Nicolas King Act One: Celebrating 25 Years of Recordings

CD Review by Marilyn Lester . . .

A career retrospective when you’re not even 30 years old? Well, yes—if you’ve been performing professionally since age four and your name is Nicolas King. Act One: Celebrating 25 Years of Recordings (on the Club44 Record label) is a remarkable release, both because it is a piece of show-biz history and because it chronicles the musical evolution of a star performer. King’s aunt, Angela Bacari is not only a sought-after vocal coach, but her guidance was augmented by teachers such as godmother Liza Minnelli and his long-time music director, pianist-arranger Mike Renzi. Their mentoring shows, but then again, they had the material to work with. Even as a tot, King’s love of singing and performing shines through.

Born of the pandemic and it’s “time on my hands” state of being, King put together 17 tracks that represent a journey he considers the end of childhood and the launch into the next act of his career as an adult. The result is a compilation of new studio tracks, selections from previous solo albums, and archival numbers.

The listener’s first encounter with King as a youth is the ten-year-old singing “Yes Sir, That’s My Baby” (Gus Kahn, Walter Donaldson), in a duet with Tom Selleck, taped onstage when they appeared together in A Thousand Clowns. Although the cuteness factor is high, and the tune is really Selleck’s, it’s not until “Life Is Just A Bowl of Cherries (Ray Henderson, Lew Brown/”Nice ‘n’ Easy” (Lew Spence, Alan & Marilyn Bergman) that the 11-year old is front and center with an astounding understanding of vocal dynamics and showmanship. By age 15 he was arranging his own music—“How Deep Is the Ocean” (Irving Berlin). By age twenty, King emerges fully into his adult persona. In a duet with one of cabaret’s premier music directors and composers, Tracy Stark; “The Only One” (Tracy Stark) reveals King as a fully formed jazz singer with a command of scat that would have the great Ella Fitzgerald swinging in the aisles. For another original treat, “Looks Like They’re in Love,” recorded in 2016, showcases the award-winning team of Bob Levy and Alex Rybeck.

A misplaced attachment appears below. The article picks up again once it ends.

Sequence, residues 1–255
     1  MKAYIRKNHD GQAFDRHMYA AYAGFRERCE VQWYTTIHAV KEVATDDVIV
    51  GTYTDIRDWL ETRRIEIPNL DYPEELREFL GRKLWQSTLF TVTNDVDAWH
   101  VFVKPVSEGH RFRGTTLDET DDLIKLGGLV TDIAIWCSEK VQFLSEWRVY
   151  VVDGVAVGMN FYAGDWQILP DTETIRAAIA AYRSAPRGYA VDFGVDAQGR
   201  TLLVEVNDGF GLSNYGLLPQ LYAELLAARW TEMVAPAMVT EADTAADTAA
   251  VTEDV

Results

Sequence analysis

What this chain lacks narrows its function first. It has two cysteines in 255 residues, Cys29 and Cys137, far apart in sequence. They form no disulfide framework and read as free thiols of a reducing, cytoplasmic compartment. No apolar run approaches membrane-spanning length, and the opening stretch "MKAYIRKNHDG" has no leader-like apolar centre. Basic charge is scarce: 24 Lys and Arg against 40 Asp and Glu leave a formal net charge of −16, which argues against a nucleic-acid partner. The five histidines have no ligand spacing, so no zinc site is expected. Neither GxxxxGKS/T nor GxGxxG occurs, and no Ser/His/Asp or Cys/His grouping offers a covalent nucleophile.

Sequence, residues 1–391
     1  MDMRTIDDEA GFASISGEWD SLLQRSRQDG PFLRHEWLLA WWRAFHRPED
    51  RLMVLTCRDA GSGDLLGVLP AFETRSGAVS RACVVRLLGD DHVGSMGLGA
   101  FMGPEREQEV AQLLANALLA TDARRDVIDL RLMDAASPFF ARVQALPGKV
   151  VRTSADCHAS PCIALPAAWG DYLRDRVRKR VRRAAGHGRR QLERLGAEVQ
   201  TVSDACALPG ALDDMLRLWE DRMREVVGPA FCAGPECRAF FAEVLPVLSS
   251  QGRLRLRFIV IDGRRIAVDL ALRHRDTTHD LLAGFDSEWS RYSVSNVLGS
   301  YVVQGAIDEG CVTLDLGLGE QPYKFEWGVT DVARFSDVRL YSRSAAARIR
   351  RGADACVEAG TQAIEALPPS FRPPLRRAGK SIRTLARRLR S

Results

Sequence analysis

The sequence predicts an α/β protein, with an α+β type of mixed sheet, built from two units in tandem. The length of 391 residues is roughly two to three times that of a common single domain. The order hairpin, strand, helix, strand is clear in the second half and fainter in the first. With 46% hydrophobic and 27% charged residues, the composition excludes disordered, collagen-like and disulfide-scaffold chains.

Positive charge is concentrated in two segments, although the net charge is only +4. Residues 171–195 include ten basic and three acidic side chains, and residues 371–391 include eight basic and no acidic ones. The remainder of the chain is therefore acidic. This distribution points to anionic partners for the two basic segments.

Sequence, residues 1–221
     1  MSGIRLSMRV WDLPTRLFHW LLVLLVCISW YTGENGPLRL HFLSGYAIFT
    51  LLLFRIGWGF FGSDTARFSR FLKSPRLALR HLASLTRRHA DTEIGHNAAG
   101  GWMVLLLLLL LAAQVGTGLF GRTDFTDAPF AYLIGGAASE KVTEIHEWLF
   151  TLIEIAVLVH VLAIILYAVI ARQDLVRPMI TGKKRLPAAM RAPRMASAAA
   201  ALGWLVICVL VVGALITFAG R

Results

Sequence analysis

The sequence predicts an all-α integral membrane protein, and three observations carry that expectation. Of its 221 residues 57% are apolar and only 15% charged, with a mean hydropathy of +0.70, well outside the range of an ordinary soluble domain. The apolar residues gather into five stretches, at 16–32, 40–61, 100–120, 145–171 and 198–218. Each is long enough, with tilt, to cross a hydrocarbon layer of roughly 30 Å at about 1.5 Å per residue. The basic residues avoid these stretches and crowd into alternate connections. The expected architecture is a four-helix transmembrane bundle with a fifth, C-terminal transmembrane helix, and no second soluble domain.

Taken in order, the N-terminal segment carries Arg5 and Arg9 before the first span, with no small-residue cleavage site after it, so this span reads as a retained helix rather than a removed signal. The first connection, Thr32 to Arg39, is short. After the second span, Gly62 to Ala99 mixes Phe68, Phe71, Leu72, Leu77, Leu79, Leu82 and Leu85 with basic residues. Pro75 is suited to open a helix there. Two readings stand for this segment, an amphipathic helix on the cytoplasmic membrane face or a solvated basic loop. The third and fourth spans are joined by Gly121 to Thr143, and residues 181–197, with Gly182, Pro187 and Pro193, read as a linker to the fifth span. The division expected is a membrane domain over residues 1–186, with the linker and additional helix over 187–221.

King reveals far more than just excellent technique. He’s on record as saying he likes the music of the American Songbook because the tunes tell stories. And a storyteller he is. For prime interpretive ability there’s “You Must Believe in Spring” (Michel Legrand, Alan & Marilyn Bergman, Jacques Demy) rendered sensitively and with insight, matched by “What Matters Most” (Alan & Marilyn Bergman, Dave Grusin). Two duets newly recorded are both emotive and demonstrate wonderful musical chemistry with both artists: a delightful, string-backed “But Beautiful” (Johnny Burke, Jimmy Van Heusen) with jazz diva Jane Monheit; and an especially magnificent rendition of “What A Wonderful World” (Bob Thiele-George David Weiss) with major talent Norm Lewis.

A clever final track, “There’s No Business Like Show Business” (Irving Berlin), the definitive anthem to the business of show, which King certainly embodies, opens with a few bars of the child Nicolas singing the tune before the about-to-be thirty-year old completes the deal. This rendition alone speaks volumes about King’s journey; but wait, there’s more. A bonus track, “Come Back to Me” (Burton Lane, Alan Jay Lerner) puts the cherry on the sundae. King flies through Lane’s zippy melody and Lerner’s clever lyrics with ease and a mastery of musicality from phrasing to interpretation. One can only wonder, what marvels will the next thirty years bring—and the next after that if nonagenarian icons such as Tony Bennett, Marilyn Maye, the late Julie Wilson and Sheila Jordan are anything to go by.

Act One: Celebrating 25 Years of Recordings, is now available in streaming and digital formats; a physical CD will follow on Friday, February 26.

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